As there is no change to the UK's legal status within the EU until Article 50 of the TFEU has been invoked and the UK's withdrawal completed, UK businesses will be able to respond to tenders and should be treated as any other EU business until that time.
Post-Brexit, the UK could become and an associated member of H2020, which would preserve the right for UK businesses to apply for H2020 funding irrespective of whether the funding came from the EU or the UK. This would fit with assurances given pre-referendum by the Leave campaign that the UK government would guarantee H2020 funding. It would also fit with the post-referendum assertion by Jo Johnson, Minister of State for Universities and Science, that the government "is determined to ensure that the UK continues to play a leading role in European and international research and innovation".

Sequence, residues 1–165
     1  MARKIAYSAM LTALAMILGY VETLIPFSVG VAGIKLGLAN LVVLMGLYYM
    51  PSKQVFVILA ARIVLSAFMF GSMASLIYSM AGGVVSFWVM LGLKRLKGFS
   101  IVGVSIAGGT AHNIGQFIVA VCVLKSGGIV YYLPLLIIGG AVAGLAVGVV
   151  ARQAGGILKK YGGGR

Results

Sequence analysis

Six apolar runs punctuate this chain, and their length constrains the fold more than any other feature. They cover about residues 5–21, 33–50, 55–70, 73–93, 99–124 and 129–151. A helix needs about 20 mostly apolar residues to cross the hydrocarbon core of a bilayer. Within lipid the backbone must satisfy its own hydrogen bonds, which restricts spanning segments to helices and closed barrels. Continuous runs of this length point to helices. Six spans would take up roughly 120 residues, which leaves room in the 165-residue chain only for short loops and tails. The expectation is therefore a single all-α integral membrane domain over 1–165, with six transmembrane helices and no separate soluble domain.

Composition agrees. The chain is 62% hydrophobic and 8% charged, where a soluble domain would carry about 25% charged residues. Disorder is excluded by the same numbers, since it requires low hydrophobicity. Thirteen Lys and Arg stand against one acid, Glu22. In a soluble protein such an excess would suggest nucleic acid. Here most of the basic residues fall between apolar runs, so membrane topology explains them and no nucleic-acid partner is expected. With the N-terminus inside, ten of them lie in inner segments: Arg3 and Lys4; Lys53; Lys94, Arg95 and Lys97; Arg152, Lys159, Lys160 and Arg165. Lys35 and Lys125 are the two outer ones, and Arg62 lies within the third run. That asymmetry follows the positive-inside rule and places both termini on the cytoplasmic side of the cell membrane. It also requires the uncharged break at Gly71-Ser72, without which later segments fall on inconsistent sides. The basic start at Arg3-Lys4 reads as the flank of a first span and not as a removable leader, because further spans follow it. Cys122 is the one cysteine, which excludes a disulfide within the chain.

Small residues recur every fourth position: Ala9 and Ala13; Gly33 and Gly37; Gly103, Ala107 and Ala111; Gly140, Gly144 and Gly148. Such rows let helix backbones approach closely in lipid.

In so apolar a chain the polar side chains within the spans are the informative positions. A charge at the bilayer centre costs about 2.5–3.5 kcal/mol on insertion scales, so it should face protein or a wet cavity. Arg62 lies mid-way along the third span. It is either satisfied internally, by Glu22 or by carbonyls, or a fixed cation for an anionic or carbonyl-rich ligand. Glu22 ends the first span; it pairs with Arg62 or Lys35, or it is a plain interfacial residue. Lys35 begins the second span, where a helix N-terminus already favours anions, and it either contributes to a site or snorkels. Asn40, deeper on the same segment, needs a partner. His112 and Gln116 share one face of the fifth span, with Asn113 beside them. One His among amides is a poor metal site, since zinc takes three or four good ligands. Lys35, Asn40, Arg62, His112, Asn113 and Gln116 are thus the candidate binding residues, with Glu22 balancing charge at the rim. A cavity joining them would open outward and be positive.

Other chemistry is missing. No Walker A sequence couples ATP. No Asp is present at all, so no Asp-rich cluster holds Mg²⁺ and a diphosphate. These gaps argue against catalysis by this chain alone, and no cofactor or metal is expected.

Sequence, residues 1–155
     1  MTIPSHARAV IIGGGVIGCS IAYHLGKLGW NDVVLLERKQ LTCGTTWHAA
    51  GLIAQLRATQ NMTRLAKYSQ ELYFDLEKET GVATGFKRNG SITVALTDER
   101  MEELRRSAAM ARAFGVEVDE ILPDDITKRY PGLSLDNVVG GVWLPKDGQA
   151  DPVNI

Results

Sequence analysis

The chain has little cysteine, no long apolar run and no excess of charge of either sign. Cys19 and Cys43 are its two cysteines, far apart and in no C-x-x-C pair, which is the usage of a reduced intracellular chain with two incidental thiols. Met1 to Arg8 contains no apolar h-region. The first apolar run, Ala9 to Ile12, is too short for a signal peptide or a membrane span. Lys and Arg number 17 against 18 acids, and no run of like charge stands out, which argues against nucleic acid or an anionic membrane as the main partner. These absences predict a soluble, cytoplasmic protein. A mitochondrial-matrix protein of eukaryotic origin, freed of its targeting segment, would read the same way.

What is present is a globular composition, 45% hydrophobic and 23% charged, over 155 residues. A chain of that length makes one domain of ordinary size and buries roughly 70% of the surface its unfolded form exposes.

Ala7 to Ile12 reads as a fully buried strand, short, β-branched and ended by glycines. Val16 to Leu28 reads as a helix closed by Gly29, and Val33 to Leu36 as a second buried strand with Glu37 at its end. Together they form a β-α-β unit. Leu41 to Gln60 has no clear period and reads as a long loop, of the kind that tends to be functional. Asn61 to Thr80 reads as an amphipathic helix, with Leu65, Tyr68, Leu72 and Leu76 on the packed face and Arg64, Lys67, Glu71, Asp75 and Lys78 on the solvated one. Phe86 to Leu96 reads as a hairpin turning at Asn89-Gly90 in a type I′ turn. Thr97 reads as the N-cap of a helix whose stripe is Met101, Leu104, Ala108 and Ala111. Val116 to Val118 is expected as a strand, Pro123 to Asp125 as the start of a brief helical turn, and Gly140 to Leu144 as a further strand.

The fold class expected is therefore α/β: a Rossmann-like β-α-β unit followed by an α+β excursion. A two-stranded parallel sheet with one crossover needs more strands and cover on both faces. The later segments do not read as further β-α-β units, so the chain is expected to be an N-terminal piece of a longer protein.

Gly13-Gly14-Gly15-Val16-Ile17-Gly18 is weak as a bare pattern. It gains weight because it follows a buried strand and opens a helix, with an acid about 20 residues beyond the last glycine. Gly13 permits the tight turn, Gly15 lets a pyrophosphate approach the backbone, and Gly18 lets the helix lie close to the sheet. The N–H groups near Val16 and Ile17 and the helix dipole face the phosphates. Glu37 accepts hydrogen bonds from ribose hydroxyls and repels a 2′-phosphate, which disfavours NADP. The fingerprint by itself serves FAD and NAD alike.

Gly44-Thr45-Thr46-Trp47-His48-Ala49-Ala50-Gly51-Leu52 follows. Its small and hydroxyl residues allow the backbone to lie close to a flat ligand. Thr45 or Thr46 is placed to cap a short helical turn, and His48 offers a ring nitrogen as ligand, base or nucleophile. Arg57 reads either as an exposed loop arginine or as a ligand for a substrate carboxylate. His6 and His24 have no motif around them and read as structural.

Whilst the UK government's guarantee lends some much needed support for H2020 applications set for completion ahead of the Autumn Statement, its long-term intentions have yet to be confirmed. The uncertainty surrounding the future of H2020 is threatening interactive entertainment businesses operating in the UK, which might find that European partners would prefer to choose non-UK business to collaborate with. It has been widely reported that UK partners, particularly universities seeking H2020 funding, are already being dropped from prospective projects amidst Brexit uncertainty.
There are also concerns, which are difficult to judge so far, that the assessors (European, rather that UK, institutions) may themselves be influenced by Brexit-related bias when assessing tenders submitted by UK businesses.
European Regional Development Fund
The ERDF allocates funds to EU Member States to distribute over a defined period. The UK has been allocated funds under the 2014-2020 Regional Development Fund, which are potentially available to the games industry.